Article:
Magazine article Science News

Cell Voltage Molds Developing Brain Tweaking Electric Charge Fixed Defects in Frog Embryos

Magazine article Science News

Cell Voltage Molds Developing Brain Tweaking Electric Charge Fixed Defects in Frog Embryos

Article excerpt

A little electricity goes a long way in shaping the growing brain. The electric charge across cell membranes directs many aspects of brain development, scientists report in the March 11 Journal of Neuroscience. Harnessing these charges could eventually allow scientists to fix birth defects or grow new tissue.

By tinkering with the voltage in cell membranes of developing African clawed frogs, researchers found that the electric charge, also called membrane potential, plays a role in how big the brain grows and what kind of tissues developing cells grow into.

The work "highlights the importance of membrane potential and its role in development," says Simon Perathoner, a developmental biologist at the Max Planck Institute for Developmental Biology in Tubingen, Germany.

All cells have electrical activity in their membranes. "Cells use this electrical activity to communicate with each other in making decisions about growth," says study coauthor Michael Levin, a developmental biologist at Tufts University in Medford, Mass. "For the first time here, we also show that these bioelectrical signals are used to determine the size and location of the brain itself."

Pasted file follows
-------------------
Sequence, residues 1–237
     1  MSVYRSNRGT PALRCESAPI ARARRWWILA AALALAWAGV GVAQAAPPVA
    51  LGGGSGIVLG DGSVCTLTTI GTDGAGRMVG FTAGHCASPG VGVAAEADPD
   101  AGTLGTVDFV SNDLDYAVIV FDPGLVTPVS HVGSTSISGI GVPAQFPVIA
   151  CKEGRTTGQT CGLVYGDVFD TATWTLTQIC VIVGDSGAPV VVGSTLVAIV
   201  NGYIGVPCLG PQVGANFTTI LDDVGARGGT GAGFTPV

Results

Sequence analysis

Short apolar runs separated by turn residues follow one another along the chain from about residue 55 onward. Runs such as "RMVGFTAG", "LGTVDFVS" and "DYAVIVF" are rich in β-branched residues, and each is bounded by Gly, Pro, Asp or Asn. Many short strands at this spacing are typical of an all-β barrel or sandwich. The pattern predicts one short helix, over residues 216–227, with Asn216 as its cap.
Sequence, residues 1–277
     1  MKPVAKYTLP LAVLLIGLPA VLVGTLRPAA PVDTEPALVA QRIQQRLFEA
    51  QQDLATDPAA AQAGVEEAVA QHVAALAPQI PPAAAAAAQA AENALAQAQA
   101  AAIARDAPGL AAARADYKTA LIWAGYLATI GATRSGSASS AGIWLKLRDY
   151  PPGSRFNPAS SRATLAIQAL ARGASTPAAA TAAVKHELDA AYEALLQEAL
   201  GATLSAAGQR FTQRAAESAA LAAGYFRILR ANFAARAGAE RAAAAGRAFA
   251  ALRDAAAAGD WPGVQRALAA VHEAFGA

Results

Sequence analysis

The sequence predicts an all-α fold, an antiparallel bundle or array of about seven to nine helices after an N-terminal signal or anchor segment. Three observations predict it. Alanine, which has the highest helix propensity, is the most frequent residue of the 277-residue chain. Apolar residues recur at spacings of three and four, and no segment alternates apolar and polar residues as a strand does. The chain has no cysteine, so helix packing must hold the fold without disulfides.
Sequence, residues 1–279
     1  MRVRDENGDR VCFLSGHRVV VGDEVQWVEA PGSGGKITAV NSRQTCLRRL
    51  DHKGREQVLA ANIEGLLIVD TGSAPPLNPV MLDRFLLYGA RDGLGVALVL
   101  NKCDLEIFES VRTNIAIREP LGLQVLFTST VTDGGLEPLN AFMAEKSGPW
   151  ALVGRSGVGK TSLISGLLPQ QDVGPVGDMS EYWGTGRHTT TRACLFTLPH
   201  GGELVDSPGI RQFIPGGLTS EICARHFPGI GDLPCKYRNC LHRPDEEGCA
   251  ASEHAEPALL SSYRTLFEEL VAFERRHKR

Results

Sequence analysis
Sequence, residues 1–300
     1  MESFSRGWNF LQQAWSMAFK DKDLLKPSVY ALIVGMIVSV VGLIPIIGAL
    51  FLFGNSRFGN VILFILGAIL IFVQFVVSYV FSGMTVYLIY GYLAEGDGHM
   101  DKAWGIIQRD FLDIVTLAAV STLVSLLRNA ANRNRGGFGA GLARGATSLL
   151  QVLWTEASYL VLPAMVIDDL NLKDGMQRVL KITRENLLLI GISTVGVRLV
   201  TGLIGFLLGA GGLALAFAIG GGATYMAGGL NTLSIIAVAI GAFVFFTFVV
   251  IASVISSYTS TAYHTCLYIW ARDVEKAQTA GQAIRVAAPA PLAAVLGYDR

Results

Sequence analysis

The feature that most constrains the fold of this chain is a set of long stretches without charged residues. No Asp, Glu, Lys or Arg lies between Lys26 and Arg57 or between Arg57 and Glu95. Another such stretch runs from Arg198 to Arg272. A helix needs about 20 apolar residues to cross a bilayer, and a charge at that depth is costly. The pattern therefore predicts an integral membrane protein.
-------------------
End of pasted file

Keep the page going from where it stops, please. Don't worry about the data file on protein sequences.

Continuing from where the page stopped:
Levin and his colleagues stained developing embryos with dyes that glow more or less intensely depending on variations in electric charge in cell membranes. The researchers then flipped on or off genes that control cell growth by inducing the growth of tiny structures called ion channels in cell membranes. …

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